Rising Drug Costs to Boost State Medicaid Spending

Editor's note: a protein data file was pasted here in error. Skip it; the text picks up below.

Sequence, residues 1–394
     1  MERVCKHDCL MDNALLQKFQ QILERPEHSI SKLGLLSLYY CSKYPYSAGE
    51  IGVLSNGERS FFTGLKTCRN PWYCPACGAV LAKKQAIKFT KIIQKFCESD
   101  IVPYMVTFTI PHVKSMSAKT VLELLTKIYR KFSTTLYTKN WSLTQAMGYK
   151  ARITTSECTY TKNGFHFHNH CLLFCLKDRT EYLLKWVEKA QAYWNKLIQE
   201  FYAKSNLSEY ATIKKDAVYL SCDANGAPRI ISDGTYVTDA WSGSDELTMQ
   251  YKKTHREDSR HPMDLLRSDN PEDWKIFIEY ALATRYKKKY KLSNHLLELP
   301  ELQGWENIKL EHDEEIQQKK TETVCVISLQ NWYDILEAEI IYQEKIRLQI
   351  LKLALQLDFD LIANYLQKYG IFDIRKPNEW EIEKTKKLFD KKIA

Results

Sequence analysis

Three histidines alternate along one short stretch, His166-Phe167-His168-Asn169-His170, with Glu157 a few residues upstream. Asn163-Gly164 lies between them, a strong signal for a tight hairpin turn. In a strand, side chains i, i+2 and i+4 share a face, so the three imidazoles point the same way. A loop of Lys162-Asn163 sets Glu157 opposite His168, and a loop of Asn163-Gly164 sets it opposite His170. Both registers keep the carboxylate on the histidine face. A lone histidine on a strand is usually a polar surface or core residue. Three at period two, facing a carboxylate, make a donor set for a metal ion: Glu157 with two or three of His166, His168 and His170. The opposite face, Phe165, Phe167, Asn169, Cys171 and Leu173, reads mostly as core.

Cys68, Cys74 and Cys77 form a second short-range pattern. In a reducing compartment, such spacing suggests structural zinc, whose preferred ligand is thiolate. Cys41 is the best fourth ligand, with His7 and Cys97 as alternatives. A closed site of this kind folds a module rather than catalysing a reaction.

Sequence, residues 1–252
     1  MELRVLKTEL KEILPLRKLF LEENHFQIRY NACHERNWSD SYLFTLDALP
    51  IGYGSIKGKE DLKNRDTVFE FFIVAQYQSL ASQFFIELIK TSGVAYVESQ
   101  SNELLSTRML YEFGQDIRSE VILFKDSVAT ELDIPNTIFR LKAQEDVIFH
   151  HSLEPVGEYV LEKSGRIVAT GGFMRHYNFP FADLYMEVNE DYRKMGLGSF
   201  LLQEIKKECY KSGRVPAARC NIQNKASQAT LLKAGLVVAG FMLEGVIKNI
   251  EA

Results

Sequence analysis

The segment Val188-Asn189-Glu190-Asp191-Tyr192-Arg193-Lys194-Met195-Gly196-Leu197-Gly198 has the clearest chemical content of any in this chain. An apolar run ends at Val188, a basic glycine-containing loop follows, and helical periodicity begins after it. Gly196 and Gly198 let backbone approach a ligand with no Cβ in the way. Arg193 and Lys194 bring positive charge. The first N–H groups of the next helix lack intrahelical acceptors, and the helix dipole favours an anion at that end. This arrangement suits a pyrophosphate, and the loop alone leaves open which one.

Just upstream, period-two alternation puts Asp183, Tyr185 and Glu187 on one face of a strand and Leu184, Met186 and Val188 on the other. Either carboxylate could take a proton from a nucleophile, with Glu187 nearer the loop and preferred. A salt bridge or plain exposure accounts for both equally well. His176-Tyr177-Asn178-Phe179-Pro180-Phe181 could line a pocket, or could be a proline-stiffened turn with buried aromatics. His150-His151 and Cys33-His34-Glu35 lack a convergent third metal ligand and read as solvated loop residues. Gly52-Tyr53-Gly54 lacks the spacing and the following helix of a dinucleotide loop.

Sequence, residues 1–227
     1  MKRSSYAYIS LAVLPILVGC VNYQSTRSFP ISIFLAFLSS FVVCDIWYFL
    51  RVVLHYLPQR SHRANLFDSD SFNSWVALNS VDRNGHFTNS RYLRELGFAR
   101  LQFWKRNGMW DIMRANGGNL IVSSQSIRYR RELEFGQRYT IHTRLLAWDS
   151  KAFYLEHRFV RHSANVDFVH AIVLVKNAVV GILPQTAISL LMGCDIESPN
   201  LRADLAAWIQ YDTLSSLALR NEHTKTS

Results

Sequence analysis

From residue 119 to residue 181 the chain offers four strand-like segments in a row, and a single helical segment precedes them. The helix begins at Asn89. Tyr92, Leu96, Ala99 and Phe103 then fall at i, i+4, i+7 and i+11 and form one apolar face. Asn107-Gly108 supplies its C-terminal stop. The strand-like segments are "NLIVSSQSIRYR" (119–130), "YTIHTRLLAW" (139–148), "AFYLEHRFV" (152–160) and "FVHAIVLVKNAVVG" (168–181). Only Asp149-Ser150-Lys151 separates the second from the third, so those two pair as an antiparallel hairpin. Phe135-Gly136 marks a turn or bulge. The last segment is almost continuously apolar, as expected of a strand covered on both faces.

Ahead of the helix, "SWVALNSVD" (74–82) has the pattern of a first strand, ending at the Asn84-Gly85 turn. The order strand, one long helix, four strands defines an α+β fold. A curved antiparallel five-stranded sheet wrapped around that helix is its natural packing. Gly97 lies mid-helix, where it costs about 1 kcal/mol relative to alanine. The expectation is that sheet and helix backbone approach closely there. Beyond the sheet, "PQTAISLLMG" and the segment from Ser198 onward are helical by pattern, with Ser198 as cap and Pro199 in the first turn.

State expenditures on Medicaid are expected to increase by 11.1% in FY 2002, fueled mostly by rising pharmaceutical costs, according to preliminary figures from a survey by the Kaiser Commission on Medicaid and the Uninsured, the Wall Street Journal reports. Despite some cost-cutting efforts, including asking pharmaceutical companies for rebates, Medicaid spending in FY 2002 will "grow faster" than it did in FY 2001, which saw an increase of 9.9%, the survey found. Forty-eight states indicated that rising pharmaceutical costs is one of the top "two or three" factors driving higher Medicaid expenditures. Vernon Smith, a principal with Health Management Associates, which worked with Kaiser on the survey, said, "There is no question that pharmacy growth is in the middle of everybody's radar screen." Other expenses cited by the states include increased nursing home and provider reimbursements, higher enrollment figures and higher long term care costs. The Journal reports that 20 states already expect to need "supplemental budget funds" or will use "emergency" Medicaid trust funds to "meet" rising Medicaid costs by the end of the current fiscal year. Last year, 36 states needed supplemental funding (Gold, Wall Street Journal, 8/22).This is part of the California Healthline Daily Edition, a summary of health policy coverage from major news organizations. Sign up for an email subscription.